The Rape Allegation Against Cristiano Ronaldo Reveals Fame's Protective Shield
ESPN The Magazine|April 2019

To be the world’s most famous athlete means Cristiano Ronaldo can appear on screens everywhere yet somehow elude the fallout from a rape allegation.

Sam Borden

On a warm October day in Las Vegas, we slip our car into a parking lot wedged between two buildings, then push open the door to the lawyer’s office. My colleague, Nicole Noren, and I figure this will be simple. We are in Nevada reporting on the rape allegations against Cristiano Ronaldo, and we want to meet Ronaldo’s attorneys, as well as the lawyers representing Kathryn Mayorga, the woman accusing him.

Normally, this sort of meeting is pretty straightforward for journalists. Lawyers, particularly those who do a lot of personal injury work in places with no shortage of clients like Las Vegas, almost always have a strong perspective on a case and are generally happy to tell you all about it. When those clients are celebrities and the cases are in the public eye, that chattiness—on the record or on background—is amped up even more.

We have seen news reports that a lawyer named Peter Christiansen is representing Ronaldo, though we have not confirmed this, and even if it is true, we are not sure which Peter Christiansen—there is a Peter J. and a Peter S. in this office. We find the Christiansen Law offices down the street from a bail bondsman and a wedding chapel. We go inside and, seeing no receptionist or secretary, follow a sign for “Christiansen” down a hall.

We step into an office where two women and a man are sitting. We identify ourselves and ask if we can either talk to or make an appointment with one of the Christiansens. The women physically recoil.

“You have to leave right now,” one of them replies. Her voice rises. “You’re not allowed to be here. You have to go. You have to go.”

She is frantic. I explain that there is no one at the front desk area so we’d decided to walk back. I ask if we can leave a message or even just confirm which Peter Christiansen is Ronaldo’s lawyer. The woman becomes more animated. “You need to leave right now!” she says. “I can call the police if I need to.”

We back away, confused. “A lawyer won’t even confirm he is representing someone? That’s never happened to me before,” I say to Nicole as we walk to the car. She nods. “Never for me either.”

The whole thing feels strange. We look over our shoulders and see the woman from the office watching us as we leave. She peers out the door as we drive away.

THERE IS A lot that feels unusual about this case: the circumstances surrounding the alleged crime, the start-stop-start-again police investigation, the fallout (or lack thereof) that comes with the world’s most famous athlete being accused of committing a violent sex crime.

A big part of this is the timeline. According to Mayorga, Ronaldo raped her in the early hours of June 13, 2009, after she and a friend met him at a club and spent part of the previous evening together. Mayorga, then 25, reported the assault to Las Vegas police that afternoon. She did not identify Ronaldo by name at that time, she says, because he was a public figure and she felt intimidated. She was taken to a hospital and had a rape kit examination.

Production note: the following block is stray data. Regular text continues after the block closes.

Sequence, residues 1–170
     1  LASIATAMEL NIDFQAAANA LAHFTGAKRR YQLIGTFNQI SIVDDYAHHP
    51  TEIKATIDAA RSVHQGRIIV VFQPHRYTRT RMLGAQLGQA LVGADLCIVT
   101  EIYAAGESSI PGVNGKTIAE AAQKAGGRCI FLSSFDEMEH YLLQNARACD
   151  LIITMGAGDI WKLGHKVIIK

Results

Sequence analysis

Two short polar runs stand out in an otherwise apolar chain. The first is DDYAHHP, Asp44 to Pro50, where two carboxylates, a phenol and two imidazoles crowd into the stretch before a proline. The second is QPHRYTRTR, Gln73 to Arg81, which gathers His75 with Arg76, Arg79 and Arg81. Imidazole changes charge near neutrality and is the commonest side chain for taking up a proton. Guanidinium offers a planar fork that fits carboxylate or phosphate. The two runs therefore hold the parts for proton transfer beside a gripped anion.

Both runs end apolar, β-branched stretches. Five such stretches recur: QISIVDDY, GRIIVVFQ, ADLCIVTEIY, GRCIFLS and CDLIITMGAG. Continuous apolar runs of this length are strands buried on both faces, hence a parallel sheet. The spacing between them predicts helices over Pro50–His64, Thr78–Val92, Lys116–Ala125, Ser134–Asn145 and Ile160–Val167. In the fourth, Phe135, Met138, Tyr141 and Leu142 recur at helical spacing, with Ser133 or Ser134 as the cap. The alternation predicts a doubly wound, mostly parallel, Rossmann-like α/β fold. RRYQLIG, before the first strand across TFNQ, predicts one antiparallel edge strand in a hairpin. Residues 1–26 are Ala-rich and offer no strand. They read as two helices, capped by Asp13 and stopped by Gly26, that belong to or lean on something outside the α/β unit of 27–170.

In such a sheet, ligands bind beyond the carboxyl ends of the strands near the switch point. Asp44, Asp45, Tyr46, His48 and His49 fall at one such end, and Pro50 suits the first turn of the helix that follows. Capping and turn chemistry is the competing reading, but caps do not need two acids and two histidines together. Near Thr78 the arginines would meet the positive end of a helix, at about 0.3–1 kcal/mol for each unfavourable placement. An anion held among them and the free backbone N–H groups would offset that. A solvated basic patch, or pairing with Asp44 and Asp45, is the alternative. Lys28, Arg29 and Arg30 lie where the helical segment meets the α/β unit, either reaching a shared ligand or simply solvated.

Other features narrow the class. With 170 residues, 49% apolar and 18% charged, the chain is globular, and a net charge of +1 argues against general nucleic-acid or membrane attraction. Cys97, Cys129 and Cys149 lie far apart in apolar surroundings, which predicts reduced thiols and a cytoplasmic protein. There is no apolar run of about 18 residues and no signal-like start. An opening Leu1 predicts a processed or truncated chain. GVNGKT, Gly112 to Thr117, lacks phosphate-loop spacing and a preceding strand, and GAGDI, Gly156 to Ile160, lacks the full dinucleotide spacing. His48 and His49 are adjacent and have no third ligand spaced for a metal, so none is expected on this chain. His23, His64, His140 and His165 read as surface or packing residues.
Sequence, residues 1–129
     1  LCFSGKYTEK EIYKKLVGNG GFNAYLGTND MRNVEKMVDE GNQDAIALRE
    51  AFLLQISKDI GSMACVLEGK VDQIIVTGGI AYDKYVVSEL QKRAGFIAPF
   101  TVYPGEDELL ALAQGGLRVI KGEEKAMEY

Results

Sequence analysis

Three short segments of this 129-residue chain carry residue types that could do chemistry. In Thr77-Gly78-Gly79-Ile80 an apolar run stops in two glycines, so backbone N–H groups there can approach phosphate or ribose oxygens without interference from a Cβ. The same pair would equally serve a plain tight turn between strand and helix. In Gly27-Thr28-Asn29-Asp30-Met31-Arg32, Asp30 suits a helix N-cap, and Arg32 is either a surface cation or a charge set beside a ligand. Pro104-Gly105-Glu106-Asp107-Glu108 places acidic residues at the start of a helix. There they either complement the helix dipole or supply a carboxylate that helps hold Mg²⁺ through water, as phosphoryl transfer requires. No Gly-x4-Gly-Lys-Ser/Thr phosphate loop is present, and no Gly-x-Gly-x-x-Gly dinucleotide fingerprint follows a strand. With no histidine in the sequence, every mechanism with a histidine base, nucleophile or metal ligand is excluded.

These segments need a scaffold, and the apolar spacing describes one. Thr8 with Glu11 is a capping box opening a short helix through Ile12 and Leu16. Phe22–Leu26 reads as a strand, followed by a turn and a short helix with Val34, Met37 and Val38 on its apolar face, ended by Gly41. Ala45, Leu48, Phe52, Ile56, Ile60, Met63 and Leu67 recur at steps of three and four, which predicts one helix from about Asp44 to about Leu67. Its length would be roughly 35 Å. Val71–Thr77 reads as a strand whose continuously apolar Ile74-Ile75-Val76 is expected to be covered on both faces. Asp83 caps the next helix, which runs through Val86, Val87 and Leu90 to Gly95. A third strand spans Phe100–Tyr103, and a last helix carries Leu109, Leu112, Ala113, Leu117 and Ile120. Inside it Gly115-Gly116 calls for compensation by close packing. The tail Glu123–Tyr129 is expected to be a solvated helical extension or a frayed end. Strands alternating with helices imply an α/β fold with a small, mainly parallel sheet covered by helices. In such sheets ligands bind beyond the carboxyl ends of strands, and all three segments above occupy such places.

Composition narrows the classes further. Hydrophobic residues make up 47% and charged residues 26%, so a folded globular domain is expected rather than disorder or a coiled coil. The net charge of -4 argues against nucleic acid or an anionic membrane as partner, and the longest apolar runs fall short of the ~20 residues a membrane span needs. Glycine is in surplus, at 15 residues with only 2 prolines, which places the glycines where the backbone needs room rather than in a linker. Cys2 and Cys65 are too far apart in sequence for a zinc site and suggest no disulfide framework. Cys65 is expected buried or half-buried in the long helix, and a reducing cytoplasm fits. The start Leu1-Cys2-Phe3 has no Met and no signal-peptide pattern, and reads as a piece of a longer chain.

Continue reading your story on the app

Continue reading your story in the magazine

MORE STORIES FROM ESPN THE MAGAZINEView All

Who Is The Future Of U.S. Women's Soccer?

Introducing the marvelous Mallory Pugh

10+ mins read
ESPN The Magazine
June 2019

Marks of Strength

A catastrophic accident took so much from Seth Hanchey, including his ability to speak. Weightlifting gave so much back: the motivation to recover, the drive to compete, the power to inspire. Here, his mother tells his story.

7 mins read
ESPN The Magazine
July 9, 2018

Ninja, The Biggest Gamer In The World

How did Ninja become gaming’s first crossover star? The Fortnite legend is relentless about one thing: He’s always on.

10+ mins read
ESPN The Magazine
October 1, 2018

The Greatest Dad On Earth

The Lakers are poised to be an NBA high-wire act. So what better place to prep their new big man, JaVale McGee, and his baby girl than at circus school?

7 mins read
ESPN The Magazine
October 1, 2018

NFL- The Smart Money Is On Defensive Backs

Slot Machine Miami placed a premium on inside coverage when it used a top pick on Minkah Fitzpatrick. If a team is smart, it will follow the Dolphins’ lead.

3 mins read
ESPN The Magazine
October 1, 2018

'I Want To Make Her Proud'

Devastated by the suicide of his older sister earlier this year, 49ers defensive end Solomon Thomas opens up about his lossÑand shares his newfound dedication to fighting America’s mental health crisis. —AS TOLD TO MOLLY KNIGHT

8 mins read
ESPN The Magazine
October 1, 2018

How Pitchers Get A Grip On Hand Woes

Pickle juice? Superglue? Peeing on their digits? This is the gripping tale of how far pitchers go to get an upper hand.

10+ mins read
ESPN The Magazine
October 1, 2018

Ready For Prime Time

He is a rookie starter and much is expected, yet as Jayson Tatum warms up with his teammates before his first NBA game, he appears impervious to the noise and the lights and the pulsating anticipation inside Quicken Loans Arena.

10+ mins read
ESPN The Magazine
October 29, 2018

Breaking Big

Ken Roczen thought he might never race again after two horrific crashes. But his incredible comeback is almost here.

1 min read
ESPN The Magazine
December 2018/January 2019

Novak Djokovic's Return To The Elite

In the spring, he was in the worst slump of his career. Two grand slams later, he’s back to No. 1. Writer Michael Steinberger takes us inside Djokovic’s return to the elite.

7 mins read
ESPN The Magazine
December 2018/January 2019